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The city is served by the Alexandria City Public Schools system and by the Alexandria campus of Northern Virginia Community College.

The largest seminary in the Episcopal Church, Virginia Theological Seminary, is located on Seminary Road.

Virginia Tech's Washington-Alexandria Architecture Center, also known as WAAC, is located on Prince Street in Old Town, offering graduate programs in Urban Affairs and Planning, Public and International Affairs, Architecture, and Landscape Architecture.

Virginia Commonwealth University operates a Northern Virginia branch of its School of Social Work.

The George Washington University (Washington DC) also has a campus near the King Street metro. This campus mainly offers professional and vocational programs, such as an executive MBA program, urban planning and security studies.

Alexandria has several of the Washington, D.C., area's top private schools, such as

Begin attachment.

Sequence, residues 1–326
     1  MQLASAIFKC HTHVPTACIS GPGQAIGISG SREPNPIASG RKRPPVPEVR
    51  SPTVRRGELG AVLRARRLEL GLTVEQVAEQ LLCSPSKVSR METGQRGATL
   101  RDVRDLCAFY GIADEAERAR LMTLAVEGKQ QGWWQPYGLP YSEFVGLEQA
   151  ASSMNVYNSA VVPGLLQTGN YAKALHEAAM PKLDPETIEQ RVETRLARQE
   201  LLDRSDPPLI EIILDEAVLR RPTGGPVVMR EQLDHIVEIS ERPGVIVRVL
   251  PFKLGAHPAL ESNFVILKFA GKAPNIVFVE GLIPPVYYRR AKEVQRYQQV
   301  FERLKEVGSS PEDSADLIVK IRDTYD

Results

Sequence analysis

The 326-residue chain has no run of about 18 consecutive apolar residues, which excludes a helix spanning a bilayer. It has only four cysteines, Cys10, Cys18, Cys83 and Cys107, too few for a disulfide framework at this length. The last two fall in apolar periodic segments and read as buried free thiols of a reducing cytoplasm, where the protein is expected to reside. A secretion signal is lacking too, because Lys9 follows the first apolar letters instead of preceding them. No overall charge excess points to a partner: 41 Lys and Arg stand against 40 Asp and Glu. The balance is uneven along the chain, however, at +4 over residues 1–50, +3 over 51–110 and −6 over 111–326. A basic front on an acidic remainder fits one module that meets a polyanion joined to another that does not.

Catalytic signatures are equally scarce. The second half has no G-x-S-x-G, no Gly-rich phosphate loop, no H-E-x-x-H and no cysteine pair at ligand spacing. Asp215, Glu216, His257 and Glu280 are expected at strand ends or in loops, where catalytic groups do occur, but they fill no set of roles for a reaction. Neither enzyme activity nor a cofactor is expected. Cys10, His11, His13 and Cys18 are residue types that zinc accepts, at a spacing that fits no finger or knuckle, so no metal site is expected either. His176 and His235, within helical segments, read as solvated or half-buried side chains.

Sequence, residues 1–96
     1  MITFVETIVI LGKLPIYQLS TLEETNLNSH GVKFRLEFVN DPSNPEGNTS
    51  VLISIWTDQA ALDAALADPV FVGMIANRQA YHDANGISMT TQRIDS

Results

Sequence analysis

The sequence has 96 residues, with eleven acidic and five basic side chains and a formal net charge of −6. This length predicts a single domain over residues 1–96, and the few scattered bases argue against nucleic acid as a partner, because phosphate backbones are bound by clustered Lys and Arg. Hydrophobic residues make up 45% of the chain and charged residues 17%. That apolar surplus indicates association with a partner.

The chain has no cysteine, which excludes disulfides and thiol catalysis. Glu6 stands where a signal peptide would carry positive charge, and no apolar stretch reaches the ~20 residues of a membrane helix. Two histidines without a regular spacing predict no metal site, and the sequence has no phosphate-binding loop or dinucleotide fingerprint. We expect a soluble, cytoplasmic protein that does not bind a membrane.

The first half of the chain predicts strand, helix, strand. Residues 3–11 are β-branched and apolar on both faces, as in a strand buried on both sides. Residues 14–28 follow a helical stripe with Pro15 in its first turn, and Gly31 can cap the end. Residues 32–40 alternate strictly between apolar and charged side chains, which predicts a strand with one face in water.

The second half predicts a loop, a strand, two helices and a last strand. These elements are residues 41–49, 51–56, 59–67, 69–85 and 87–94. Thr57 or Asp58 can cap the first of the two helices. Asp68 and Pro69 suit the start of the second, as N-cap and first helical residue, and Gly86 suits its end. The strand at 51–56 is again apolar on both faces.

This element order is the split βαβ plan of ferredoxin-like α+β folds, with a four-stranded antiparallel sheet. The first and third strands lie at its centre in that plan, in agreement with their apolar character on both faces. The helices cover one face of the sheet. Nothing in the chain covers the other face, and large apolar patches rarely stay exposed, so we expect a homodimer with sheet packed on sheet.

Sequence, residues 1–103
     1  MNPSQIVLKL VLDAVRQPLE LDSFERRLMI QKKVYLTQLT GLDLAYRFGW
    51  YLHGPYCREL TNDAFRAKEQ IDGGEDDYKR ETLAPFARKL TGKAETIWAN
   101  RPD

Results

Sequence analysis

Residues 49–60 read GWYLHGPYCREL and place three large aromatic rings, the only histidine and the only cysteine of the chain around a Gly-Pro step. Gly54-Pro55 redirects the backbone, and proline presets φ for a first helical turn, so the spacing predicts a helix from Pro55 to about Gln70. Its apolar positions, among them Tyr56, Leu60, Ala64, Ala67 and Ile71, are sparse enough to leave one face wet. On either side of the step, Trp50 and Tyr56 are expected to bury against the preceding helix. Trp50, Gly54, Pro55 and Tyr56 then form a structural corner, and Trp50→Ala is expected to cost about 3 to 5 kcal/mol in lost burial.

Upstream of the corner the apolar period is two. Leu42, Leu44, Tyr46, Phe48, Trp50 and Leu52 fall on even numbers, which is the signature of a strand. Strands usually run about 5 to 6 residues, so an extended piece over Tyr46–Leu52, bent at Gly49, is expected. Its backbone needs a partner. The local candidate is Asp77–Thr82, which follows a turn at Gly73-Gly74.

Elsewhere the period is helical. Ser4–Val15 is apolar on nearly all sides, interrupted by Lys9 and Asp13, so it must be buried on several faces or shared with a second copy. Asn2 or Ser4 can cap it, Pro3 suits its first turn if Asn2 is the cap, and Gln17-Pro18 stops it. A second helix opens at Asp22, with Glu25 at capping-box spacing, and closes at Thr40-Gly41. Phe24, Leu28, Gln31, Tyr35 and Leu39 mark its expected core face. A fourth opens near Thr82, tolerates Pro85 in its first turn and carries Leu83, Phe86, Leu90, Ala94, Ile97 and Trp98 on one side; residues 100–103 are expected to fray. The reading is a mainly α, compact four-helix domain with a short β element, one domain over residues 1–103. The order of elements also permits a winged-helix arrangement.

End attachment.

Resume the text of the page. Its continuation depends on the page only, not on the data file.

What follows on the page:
Also in the city are

  • Alexandria Country Day School
  • Commonwealth Academy
  • St. Mary's Catholic School
  • St. Rita's Catholic School
  • Blessed Sacrament Learning Center and


Alexandria's public school system consists of thirteen elementary schools for kindergarten through Grade 5.

The two middle schools, George Washington and Francis C. Hammond, serve 6th through 8th graders.

Minnie Howard Ninth Grade Center and T.C. Williams High School serve grades 9th and 10 through 12, respectively, for the entire city.

The demographics of Alexandria City Public Schools contrast with those of the city. In 2008, only 14% of the students at Francis C. Hammond Middle School were non-Hispanic whites, compared to about 60% when looking at the city as a whole. 27% were of Hispanic descent, and 48% were black. About 9% of the school was of Asian descent. In 2004, 62% of the school received free lunches; by 2008, that number had decreased to 56%.[48] At George Washington Middle School, 30% of students are non-Hispanic whites, 24% were Hispanic, and 41% was black. 3% of the students were Asian, and 52% of students received free lunch.[49] T.C. Williams High School follows this trend as well; 23% of the students were classified as non-Hispanic whites, 25% as Hispanic, and 44% as black. 7% of the school was Asian, and 47% of all students received free lunch.[50]